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Columbus Statues Divide Italian-Americans

Former New Haven Christopher Columbus Statue
Wikimedia Commons

A statue of Christopher Columbus has come down in New Haven’s Wooster Square. Other Connecticut cities and towns are in the process of removing theirs.

Protesters on both sides watched the Wooster Square Columbus statue come down. It was a tense scene that briefly turned physical. Some older Italian-Americans protested the removal. But younger New Haven residents like Nicolas Phillips approved.

“I’ve always despised that thing. And I couldn’t be happier to be here watching that come down. And I hope they do replace it with a more worthy Italian representative. I know that’s important to this neighborhood.”

Wooster Square in New Haven is a classic Italian neighborhood. Its pizza places, like Frank Pepe’s and Sally’s, are world famous. The community is divided over the statue. Members of two New Haven-based Italian-American organizations signed on to a letter in favor of removal.

Mayor Justin Elicker supported the removal.

“Christopher Columbus for many Italians is a celebration of Italian heritage. But at the same time, Christopher Columbus also represents a time of colonialism and atrocities committed.”

He says the confrontations over the statue’s removal don’t reflect New Haven’s values.

“There’s gonna be a lot of time for us to have conversations about the next steps to make sure that we’re honoring Italian heritage in New Haven, ensuring that’s done in a way that’s respectful to all communities.”

Hartford, New London and Middletown have also decided to remove their Columbus statues. 

But Connecticut still has more statues of Columbus than many other states. And that’s a testament not to anything he did, but to a much later transatlantic voyage that began in Ellis Island in the 19th century. Local historian Frank Carrano says most of the immigrants were poor.

“It’s reasonable to expect that they wouldn’t have the means to be traveling very far from the port of entry. And so they began to settle.”

The belt from Massachusetts to Pennsylvania has the highest concentration of Italian-Americans in the United States. Connecticut has more residents with Italian ancestry per capita than any state other than Rhode Island.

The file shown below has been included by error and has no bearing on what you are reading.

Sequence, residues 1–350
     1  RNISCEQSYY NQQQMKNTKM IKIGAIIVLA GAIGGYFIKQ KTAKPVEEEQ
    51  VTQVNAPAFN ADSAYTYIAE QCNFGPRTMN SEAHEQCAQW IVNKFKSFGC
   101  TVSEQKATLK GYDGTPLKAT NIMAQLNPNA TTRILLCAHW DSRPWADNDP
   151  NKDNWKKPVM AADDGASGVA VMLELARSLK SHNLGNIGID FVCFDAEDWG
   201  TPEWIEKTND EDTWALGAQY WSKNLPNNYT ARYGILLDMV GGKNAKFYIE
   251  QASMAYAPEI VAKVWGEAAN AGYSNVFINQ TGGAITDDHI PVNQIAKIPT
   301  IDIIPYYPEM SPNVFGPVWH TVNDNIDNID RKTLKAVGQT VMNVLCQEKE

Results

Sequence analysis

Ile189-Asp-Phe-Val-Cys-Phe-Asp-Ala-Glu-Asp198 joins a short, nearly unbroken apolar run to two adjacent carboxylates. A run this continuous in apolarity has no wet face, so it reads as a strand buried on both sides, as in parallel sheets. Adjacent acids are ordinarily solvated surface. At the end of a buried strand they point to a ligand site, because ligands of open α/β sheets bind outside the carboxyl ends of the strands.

New Haven companies recruited workers straight from Italy. The immigrants gradually turned Wooster Square and other neighborhoods into comfortable middle class enclaves. Carrano says for generations, Columbus was central to the Italian-American experience.

“And Columbus remained an iconic figure for Italian-Americans across the country as a person in whom we could have great pride. Because we could claim him as an Italian.”

Frances Calzetta with the Italian-American Historical Society of Connecticut says she thinks he’s been unfairly vilified.

“He was such a great man. Probably one of the most talented, well-educated and highly imaginative. This is why he was the hero, this is why they attach themselves to him as someone who represented their ideals, what they wanted to be, what they wanted for their children.”

New Haven officials say the statue is planned to reside at the Knights of Columbus Museum.

Historian Frank Carrano was one of those who signed a petition to have the statue removed. He says he’d like to see a new tribute to the Italian-American experience in Wooster Square.

“Because I think it’s what America’s all about. And we have in Wooster Square a microcosm of the American immigrant experience that has been rolled out across this country.”

Carrano says he’d rather see a tribute that represents the Italian-American experience as a whole – not just a statue of a single person.

Davis Dunavin loves telling stories, whether on the radio or around the campfire. He started in Missouri and ended up in Connecticut, which, he'd like to point out, is the same geographic trajectory taken by Mark Twain.
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